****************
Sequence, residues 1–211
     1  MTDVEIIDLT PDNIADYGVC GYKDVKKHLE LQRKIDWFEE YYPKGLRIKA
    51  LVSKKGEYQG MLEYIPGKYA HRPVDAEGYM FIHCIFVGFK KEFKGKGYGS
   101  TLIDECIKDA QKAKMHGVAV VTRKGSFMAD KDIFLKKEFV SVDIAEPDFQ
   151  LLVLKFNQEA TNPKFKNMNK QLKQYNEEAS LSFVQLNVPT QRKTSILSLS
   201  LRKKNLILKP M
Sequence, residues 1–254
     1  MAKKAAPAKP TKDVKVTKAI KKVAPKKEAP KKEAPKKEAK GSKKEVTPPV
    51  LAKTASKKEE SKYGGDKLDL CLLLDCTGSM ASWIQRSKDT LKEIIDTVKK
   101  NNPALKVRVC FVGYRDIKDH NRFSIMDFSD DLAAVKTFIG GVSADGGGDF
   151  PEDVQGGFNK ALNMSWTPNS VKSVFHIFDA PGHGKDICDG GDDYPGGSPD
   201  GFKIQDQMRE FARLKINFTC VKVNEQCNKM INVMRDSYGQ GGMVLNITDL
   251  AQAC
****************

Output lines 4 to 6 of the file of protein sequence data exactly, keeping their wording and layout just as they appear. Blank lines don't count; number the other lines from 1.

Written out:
   101  TLIDECIKDA QKAKMHGVAV VTRKGSFMAD KDIFLKKEFV SVDIAEPDFQ
   151  LLVLKFNQEA TNPKFKNMNK QLKQYNEEAS LSFVQLNVPT QRKTSILSLS
   201  LRKKNLILKP M